Dortmunder is disguised in Middle Eastern garb, having just stolen some rare coins at a hotel convention for collectors (good thing Parker isn’t into plagiarism suits).  Again, he needs to blow the joint before the law finds him, and the regular means of egress will not do.  Finding his way into a supply closet, he ties a bunch of sheets together, and lowers himself out the window in back of the hotel, abutting some smaller structures.  One of which happens to be (ta-dah!) The Mysterious Bookshop, not that he knows what that is, or cares.

So this guy named Otto comes in and sees him, and assumes he’s the ringer ‘Don’ sent in his place.  He jokes that he hopes Diddums (Welsh, remember?) is a better poker player.  That’s what this is.  A friendly poker game in the back room.  Soon other players arrive.  Larry, Justin, Al, Henry.  I know who Larry is, and perhaps someone can fill me in about the others?  I don’t know everything.  But I can easily deduce that all these gentlemen are involved with the mystery genre–also known as crime fiction.  Dortmunder has walked right into the lion’s den, you might say.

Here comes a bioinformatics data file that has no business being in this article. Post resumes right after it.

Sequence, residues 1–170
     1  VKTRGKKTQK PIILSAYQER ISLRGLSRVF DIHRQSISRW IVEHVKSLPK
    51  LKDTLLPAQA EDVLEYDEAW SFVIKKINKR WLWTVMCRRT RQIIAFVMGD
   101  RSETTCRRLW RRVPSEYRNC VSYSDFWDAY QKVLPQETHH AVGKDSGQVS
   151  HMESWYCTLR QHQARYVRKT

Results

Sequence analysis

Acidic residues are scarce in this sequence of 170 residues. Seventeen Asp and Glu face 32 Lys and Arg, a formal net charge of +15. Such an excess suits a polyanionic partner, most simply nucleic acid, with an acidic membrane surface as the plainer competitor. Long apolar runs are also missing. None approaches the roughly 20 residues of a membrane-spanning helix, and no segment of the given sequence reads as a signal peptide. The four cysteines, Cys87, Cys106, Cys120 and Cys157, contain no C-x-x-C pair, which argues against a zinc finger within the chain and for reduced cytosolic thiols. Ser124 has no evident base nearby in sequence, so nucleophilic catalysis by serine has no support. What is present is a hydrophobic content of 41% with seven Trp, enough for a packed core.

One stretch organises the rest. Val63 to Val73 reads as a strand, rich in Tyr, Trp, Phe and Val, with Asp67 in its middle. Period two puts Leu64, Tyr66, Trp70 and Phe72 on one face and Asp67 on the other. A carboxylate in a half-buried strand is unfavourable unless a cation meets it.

So Dortmunder figures he can bide his time until the heat fades, and might as well make a little something extra for the Christmas stocking, right?  He sits down to play, and he cheats a bit. The cops (who I have to say, seem a lot more thorough in Dortmunder’s world than they are here) come knocking, and the other players, being into detectives and all, quickly realize two things–1)Diddums is the thief! and 2)That’s why he’s been winning all our money!

They don’t talk to the law.  Honor among thieves?  Fuck that, they want their money back.  With interest. Dortmunder has to stay for the whole game, lose every hand, and then he will be allowed to leave.  The mills of the mystery gods grind slow…..

The next story is a direct sequel to this, and I believe I will give it short shrift.  It’s got Arnie Albright in it.  No, Arnie, it’s not you, I’m just going long here, and how much am I supposed to write about a story called–

Jumble Sale:  Published in The Armchair Detective [v27 #3, Summer 1994] .  Here’s the cover.  For all I know there’s a centerfold model within, perhaps dressed in nothing but a chalk outline.

armchair_detective_1994sum

(Peter Straub is a mystery writer?  Since when?  I guess since he picked up his phone and said “Sure, I’ll give you an interview.”)